dealspanasonic dmc-gx1 (body only) for $229.99 + free…

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Here is a very detailed review of the camera at Digital Photography Review (DP Review), from Feb/2012:
http://www.dpreview.com/reviews/panasonicdmcgx1

My concern is perhaps silly, depending on your level of experience. The lenses have a limited market and are a bit more expensive than similar items in other mounts. Having invested in lenses for both a Canon and Pentax DSLR, it annoys me that there is not an adapter or a design that considers lens compatibility. However someone without that prior investment would do well to consider this. It is attractive to me, in spite of the lens issue.

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I don't know much about dslr or lenses but I read that camera is the standard for four thirds. would this adaptor work to use other manufacturers lenses?

http://www.amazon.com/Fotodiox-Tamron-Adaptall-Adapter-Cameras/dp/B0054EORJ2/ref=sr_1_3?ie=UTF8&qid=1370970385&sr=8-3&keywords=dmc-gx1+lens+adaptor

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@nfauteux: You need to get an adapter that matches the mount of your lens. For example, if you had a Pentax lens (which pretty much all pentax ever made, except for the Q and older than 1960s, uses the k-mount), you would have to purchase this adapter, http://www.amazon.com/Fotodiox-Adapter-Olympus-Panasonic-Cameras/dp/B003EAS5SW/ref=sr_1_1?s=electronics&ie=UTF8&qid=1370978648&sr=1-1&keywords=pentax+k-mount+to+panasonic.

The main problems with using adapters is that you lose all control of things like autofocus and aperture control, so you need to mount a lens with an aperture ring unless you want to shoot at it's widest aperture. The other issue is that smaller m4/3 sensors have a crop factor (this camera's is 2X). This means that if you mount a 50mm lens, the actual focal length will be 100mm. This can come in handy if you want an inexpensive long telephoto because a 300mm would turn into a 600mm for significantly less than a 600mm lens.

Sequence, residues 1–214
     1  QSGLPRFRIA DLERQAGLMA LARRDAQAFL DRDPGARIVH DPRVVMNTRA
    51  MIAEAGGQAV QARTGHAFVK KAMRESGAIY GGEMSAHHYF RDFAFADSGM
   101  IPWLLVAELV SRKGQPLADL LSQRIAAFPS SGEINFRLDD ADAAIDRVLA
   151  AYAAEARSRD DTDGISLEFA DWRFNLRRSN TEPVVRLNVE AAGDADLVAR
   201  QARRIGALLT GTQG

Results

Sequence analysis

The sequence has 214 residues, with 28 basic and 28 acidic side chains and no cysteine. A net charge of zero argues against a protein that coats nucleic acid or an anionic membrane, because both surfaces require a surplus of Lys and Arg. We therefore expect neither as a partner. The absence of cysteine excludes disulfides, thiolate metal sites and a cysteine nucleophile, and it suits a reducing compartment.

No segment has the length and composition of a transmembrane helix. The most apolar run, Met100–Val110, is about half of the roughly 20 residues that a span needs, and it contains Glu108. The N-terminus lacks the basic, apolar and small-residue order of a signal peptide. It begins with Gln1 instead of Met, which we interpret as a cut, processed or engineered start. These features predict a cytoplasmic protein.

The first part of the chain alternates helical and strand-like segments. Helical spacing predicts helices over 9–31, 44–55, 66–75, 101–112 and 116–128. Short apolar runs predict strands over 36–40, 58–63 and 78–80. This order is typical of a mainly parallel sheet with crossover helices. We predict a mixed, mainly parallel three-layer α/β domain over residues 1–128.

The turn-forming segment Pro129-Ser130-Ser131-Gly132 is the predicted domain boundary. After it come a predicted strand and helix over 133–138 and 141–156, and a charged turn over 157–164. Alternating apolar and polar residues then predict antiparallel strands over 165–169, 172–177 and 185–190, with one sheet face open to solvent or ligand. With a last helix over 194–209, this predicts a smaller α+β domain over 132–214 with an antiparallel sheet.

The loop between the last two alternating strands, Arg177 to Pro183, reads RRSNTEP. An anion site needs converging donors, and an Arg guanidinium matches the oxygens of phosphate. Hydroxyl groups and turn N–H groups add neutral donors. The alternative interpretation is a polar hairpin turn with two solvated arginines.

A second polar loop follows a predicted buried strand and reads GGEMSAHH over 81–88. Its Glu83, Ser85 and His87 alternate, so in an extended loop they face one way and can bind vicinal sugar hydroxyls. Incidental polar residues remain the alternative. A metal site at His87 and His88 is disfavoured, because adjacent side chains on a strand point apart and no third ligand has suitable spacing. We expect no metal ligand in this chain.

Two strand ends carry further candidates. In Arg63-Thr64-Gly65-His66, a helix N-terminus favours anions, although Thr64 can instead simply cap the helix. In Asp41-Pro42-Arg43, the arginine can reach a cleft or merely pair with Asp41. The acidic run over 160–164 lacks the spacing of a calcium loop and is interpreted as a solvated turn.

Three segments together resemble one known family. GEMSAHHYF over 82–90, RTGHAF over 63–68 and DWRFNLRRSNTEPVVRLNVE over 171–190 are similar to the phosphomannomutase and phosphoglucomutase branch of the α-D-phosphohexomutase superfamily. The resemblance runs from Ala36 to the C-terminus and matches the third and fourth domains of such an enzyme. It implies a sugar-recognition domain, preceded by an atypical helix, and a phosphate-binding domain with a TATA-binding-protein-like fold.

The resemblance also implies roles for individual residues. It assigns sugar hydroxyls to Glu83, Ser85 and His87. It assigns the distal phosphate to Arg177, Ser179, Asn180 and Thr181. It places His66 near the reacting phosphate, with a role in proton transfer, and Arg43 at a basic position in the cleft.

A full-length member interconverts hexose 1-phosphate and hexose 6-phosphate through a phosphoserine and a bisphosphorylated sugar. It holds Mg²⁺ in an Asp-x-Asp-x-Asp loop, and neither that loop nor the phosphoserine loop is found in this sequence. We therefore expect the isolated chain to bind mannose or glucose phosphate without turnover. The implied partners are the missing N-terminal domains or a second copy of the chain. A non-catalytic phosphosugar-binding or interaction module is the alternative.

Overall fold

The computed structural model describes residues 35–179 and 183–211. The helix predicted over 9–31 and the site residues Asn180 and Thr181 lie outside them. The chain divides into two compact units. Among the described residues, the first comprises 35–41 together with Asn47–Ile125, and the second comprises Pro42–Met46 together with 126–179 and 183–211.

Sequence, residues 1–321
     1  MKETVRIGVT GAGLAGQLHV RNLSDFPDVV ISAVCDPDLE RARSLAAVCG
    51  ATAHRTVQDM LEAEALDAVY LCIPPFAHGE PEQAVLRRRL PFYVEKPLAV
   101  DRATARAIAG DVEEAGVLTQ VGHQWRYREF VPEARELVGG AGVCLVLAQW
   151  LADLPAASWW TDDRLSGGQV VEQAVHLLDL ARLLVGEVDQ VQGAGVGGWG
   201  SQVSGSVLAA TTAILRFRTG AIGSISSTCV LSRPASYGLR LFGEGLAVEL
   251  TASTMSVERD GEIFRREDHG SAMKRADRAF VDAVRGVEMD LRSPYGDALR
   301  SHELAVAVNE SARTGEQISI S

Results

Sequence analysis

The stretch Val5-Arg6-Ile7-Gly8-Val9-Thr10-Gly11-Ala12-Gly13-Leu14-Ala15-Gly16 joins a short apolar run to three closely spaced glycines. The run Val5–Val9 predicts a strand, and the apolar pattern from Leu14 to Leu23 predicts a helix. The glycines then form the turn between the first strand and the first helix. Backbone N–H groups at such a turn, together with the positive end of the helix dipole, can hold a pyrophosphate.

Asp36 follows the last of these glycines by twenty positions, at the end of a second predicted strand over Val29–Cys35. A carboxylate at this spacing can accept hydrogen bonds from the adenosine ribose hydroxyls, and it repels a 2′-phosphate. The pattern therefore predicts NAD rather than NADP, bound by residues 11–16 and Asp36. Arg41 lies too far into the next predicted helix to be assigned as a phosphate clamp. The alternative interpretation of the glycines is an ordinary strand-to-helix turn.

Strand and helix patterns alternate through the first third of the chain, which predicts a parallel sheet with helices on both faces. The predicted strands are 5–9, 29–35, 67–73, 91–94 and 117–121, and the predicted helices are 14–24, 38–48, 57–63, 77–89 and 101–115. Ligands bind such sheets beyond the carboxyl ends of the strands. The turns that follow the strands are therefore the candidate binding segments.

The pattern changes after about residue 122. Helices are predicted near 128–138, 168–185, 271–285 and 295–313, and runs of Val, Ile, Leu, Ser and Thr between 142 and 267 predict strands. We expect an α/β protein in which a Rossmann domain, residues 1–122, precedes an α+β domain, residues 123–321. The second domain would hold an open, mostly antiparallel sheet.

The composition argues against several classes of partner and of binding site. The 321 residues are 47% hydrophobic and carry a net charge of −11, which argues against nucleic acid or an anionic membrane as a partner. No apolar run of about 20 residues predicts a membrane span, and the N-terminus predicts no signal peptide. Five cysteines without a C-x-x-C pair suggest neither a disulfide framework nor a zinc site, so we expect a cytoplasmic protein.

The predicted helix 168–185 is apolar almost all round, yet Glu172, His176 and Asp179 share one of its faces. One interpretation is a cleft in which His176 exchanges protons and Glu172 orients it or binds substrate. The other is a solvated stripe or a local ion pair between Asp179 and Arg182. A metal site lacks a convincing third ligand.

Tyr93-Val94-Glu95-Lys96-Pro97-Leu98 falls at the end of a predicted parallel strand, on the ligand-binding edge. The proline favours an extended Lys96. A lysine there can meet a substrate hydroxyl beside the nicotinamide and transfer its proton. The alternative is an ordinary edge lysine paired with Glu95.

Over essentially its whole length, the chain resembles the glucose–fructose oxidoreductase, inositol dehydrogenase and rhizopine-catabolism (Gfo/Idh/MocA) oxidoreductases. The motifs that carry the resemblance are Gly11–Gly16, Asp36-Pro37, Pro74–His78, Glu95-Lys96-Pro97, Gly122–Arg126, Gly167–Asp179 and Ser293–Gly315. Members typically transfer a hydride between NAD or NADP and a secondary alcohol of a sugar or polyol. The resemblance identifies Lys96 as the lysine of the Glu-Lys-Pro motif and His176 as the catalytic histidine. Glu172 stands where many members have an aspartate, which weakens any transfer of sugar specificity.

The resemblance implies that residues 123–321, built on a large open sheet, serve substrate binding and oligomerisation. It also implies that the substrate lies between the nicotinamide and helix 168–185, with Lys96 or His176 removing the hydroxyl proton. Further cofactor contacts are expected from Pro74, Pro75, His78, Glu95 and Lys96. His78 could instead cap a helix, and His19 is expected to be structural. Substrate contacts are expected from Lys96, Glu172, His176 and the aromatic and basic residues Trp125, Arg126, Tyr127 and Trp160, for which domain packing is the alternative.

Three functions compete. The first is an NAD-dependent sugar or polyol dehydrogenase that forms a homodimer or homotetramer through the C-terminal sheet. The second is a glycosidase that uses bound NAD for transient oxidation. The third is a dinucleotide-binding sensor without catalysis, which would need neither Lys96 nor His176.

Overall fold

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@tpscan:
I agree that the sensor is pretty appealing. I have the G1 and this would be a great upgrade. However, I would miss the viewfinder and articulated screen of that camera.
You should be aware that Panasonic put their lens stabilization in the lenses of their m4/3 cameras, not the body.
So, basically you'd be getting a sensor and a touchscreen but no image stabilization, viewfinder, or articulated viewscreen. That's enough for me to pass, and I own the right lenses. I'm really not sure it would be a good purchase if you had to buy an adaptor and lose the autofocus capabilities, too.
Hope that helps.

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@bione: [smile] If I mentioned that my other cameras include a Canon Powershot and a G11, you'll realize I am also a fan of viewfinders and view screens on a stalk. I was trying to call attention to the fact that the Panasonic lenses represent an investment. A photographer just entering the market might find the body a worthy choice. But when you have a bag of lenses, you like having interchangeable bodies.

The compact cameras for me are handy/essential for many snap-&-shoot cases. The best camera is the one you have in your hand or pocket when some images pop up. the 4/3 cameras fit the bill as pocket-ware. Still, I wish I could use hem as a spare back on my other lenses.

FYI -- I love using my old, full-frame 35mm lenses on the DSLR at times. The old 300mm, f4.0 gives great nature pics at long range. The f1.8, 50 mm makes a nice portrait lens and in low light. Manual focus is still a natural step for me.